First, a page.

The Bom Jesus elevator in Braga celebrated 140 years of existence on March 25th. The elevator is the first of its kind on the Iberian Peninsula and the only one in the world in operation with a water counterweight system, which is to say that it uses the force of the water to make the cabins go up and down the long ramp to the Sanctuary of Bom Jesus do Monte. It is, since 2019, part of the World Heritage classification assigned by UNESCO to the shrine and also a monument of public interest.
To climb the Bom Jesus hill there are more than 500 step in total, and so the locals used their ingenuity to find a more practical alternative: thus was born the elevator. It offers a view to the city of Braga and there, the four fountains of the Evangelists Ground do stand out: Saint Matthew, Saint John, Saint Luke and Saint Mark.
A unique tranquility emanates from the forest and the gardens of Bom Jesus do Monte: with truly romantic corners, leafy trees and truly scenic bridges and lakes, wander around and be fascinated with the trails surrounded by such a pure and untouched nature.
On Friday, March 25th, the trips were free and there was a commemoration plan that included the inauguration of the exhibition “Estância Elevada”. In the following weeks there will also be guided tours of the elevator and even a photography contest. The celebrations run until September.
The man responsible for building the elevators was a 19th century businessman from Braga named Manuel Joaquim Gomes. From bread-making to many other businesses, he became one of the region’s magnates, who launched public transportation in the city, but who ran into the sanctuary’s gigantic staircase. Until then, access was by road or by the more than five hundred stairs.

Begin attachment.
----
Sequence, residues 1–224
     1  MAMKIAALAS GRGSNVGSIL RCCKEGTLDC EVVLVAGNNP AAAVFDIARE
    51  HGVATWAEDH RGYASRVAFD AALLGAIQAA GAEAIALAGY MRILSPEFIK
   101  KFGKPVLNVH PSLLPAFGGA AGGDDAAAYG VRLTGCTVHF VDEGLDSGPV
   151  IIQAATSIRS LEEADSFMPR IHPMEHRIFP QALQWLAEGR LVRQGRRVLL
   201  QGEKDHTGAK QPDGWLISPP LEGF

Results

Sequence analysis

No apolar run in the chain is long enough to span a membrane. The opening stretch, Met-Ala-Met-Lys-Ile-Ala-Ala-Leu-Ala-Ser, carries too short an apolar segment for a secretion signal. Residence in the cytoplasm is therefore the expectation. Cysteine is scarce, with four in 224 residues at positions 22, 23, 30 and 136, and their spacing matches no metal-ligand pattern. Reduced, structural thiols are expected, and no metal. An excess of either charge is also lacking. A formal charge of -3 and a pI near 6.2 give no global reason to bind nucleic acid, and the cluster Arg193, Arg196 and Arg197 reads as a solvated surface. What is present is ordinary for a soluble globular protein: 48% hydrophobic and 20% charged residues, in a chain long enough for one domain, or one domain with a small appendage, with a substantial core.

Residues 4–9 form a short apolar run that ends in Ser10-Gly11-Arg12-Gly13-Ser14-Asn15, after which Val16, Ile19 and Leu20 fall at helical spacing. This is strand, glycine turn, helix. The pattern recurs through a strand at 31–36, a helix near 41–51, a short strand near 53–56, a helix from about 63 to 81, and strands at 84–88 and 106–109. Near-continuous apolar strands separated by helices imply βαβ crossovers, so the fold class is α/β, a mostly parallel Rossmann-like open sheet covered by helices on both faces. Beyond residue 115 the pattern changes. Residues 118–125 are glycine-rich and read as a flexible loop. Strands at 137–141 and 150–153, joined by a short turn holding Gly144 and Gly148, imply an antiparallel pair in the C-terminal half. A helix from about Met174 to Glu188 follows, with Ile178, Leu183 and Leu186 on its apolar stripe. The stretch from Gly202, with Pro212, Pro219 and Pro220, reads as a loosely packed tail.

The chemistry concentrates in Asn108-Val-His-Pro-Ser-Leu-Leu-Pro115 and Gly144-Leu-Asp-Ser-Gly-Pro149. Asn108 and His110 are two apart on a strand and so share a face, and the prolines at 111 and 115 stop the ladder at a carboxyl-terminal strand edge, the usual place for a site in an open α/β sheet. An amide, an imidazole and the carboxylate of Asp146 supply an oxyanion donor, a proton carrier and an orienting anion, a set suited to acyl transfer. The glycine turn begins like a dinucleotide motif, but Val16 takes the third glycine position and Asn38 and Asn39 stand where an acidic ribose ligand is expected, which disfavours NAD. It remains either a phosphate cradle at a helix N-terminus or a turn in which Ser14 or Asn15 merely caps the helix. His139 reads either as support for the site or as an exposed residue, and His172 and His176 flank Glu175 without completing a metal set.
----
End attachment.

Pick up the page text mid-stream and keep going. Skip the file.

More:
It was on the banks of the elevation that Joaquim Gomes imagined the new transportation that would travel the steep 267 meters. The innovative elevator replaced the vehicles on rails, pulled by animal traction. The engineer was provided by a Swiss engineer, Nikolaus Riggenbach, supported on the ground by Raul Mesnier de Ponsard, a Portuguese engineer of French descent who was also involved in the construction of other elevators in Portugal, such as those at Lavra, Glória and Santa Justa.
The work took about two years to be completed, but the efficient system continues to work to this day. It is thanks to the underground water, captured by pipes, that at the moment of the ascent fills a reservoir controlled by the driver – which can hold more than five thousand liters. This is what happens to the cabin that is at the top and which, becoming heavier, goes down as the one at the bottom goes up the ramp.
It is an example of sustainability, since it does not use energy. It only uses the water from the underground, which is not part of the public network. A curious detail: the two pairs of rails rest on wooden beams used from the trees that were cut down to open the way to the top of the sanctuary.
The Staircase of the Five Senses starts at the Fountain of Five Wounds also named of the Five Currents. You will then see that at each flight of stairs there is a fountain, corresponding to each of the human senses. A statue expelling water from its eyes represents sight, the one expelling water from the ears is the hearing, the one spilling water from the nose represents the smell, the one spraying water from the mouth is the taste and, at last, a statue holds a jar with both hands being a symbol of touch.
Each cabin can transport more than 30 people, and each journey can take between two to four minutes.